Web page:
(ROSEVILLE, Calif.) — With the price of gas in California reaching record highs, thieves are increasingly targeting gas tanks with the most recent heist siphoning more than $4,500 from a gas station over a span of three days.
Police in Roseville, Calif., have arrested a man for allegedly stealing more than 1,100 gallons of gas from a Shell station four times in three days starting on Sept. 27.
Roseville police told ABC News that a male suspect is in custody, but they are still looking for a female suspect who they’ve identified. The truck was located and recovered by police with 110 gallons of gas on board. The gas has since been turned over to the station’s manager, Tony Sandhu.
Sandhu told ABC News affiliate KABC-TV on Saturday that the thieves rolled up to the station in a pickup truck and managed to bypass the pay-at-the-pump meter on Sept. 27. The thieves pumped 300 gallons of gas into a tank that was located in the back of the truck around 1:30 a.m., according to police. The station was closed at the time and it’s not clear how the thieves turned on the pump.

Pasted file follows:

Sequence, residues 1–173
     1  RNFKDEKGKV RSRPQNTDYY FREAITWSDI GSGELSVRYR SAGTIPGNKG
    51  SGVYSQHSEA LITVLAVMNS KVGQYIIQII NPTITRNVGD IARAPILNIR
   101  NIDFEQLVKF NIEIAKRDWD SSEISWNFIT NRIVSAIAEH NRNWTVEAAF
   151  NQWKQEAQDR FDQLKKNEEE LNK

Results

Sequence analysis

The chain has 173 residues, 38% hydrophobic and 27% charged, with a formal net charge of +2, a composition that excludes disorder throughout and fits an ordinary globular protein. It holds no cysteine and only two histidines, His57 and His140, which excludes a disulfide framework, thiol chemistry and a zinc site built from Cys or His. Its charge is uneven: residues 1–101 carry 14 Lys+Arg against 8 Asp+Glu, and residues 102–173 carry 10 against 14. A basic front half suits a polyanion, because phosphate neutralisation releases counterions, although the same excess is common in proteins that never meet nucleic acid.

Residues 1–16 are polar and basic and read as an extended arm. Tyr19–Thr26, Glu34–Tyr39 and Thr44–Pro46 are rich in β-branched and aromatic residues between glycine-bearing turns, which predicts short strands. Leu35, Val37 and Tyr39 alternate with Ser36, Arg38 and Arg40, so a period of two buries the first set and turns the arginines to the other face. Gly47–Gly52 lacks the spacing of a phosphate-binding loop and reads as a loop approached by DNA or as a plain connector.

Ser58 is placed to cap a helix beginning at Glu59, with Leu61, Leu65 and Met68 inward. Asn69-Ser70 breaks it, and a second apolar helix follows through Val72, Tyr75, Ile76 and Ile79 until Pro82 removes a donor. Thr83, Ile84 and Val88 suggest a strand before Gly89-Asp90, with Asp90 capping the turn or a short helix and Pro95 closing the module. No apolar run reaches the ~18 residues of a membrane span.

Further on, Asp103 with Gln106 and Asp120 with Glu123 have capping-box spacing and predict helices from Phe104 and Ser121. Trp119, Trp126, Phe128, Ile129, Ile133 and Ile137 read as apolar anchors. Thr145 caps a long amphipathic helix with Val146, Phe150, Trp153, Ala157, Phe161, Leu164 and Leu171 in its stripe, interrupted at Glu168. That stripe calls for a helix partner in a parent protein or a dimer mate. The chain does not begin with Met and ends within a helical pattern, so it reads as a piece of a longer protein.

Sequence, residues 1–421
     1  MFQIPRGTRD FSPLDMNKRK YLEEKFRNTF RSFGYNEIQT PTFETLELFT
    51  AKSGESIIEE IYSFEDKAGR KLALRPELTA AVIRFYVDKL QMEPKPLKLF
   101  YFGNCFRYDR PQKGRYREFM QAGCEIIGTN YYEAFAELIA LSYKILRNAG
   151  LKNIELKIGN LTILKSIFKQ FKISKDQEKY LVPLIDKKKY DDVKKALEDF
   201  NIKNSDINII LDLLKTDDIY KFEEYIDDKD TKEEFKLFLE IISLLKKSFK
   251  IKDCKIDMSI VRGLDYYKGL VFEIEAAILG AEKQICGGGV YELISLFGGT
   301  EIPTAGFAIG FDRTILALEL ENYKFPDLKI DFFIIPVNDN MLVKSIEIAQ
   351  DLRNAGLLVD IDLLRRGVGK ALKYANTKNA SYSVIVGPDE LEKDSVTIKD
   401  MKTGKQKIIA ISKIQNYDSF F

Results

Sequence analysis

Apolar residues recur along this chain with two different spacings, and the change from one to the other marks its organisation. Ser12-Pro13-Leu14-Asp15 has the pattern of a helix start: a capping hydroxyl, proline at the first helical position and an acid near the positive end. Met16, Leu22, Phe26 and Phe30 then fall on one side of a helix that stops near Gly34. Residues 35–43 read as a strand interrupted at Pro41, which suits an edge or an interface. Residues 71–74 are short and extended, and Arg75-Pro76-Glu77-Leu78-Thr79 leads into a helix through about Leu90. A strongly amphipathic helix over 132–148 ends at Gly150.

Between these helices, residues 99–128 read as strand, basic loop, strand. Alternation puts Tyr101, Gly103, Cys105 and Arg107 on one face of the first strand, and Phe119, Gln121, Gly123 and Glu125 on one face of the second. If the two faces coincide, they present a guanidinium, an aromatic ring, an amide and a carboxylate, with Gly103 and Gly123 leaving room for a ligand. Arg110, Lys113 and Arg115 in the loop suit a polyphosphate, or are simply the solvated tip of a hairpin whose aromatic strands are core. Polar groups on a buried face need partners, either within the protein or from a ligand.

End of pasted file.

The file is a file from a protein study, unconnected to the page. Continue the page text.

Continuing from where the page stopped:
“I don’t know if we can recover that money or not, but at least those people should go to jail,” said Sandhu.
Police believe thieves came back twice the next day while the station was closed and drove off with hundreds of gallons of gas. Then, they came back the following day during store hours to steal even more.
Sandhu told KABC that security cameras caught the thieves siphoning the gas and when they returned during business hours, a cashier recognized the truck and took down the license plate.
“It actually brought it to the attention of the owner because he was short on his tallies for his amount of gas,” said Lt. Cal Walstad of the Roseville Police Department.
In all, the thieves managed to get away with 1,153 gallons of the liquid gold, according to police.
The price of gas hit an all-time average high in California on Sunday, costing drivers $4.70 a gallon, up 53 cents from last week’s average.
Recent refinery fires in the state and pipeline problems are the culprits behind the high prices that are causing California reserves to hit a 10-year low.
Analysts predict that relief is in sight and prices will bottom out near $3.50 a gallon by Thanksgiving, which is one of the busiest times for traveling.
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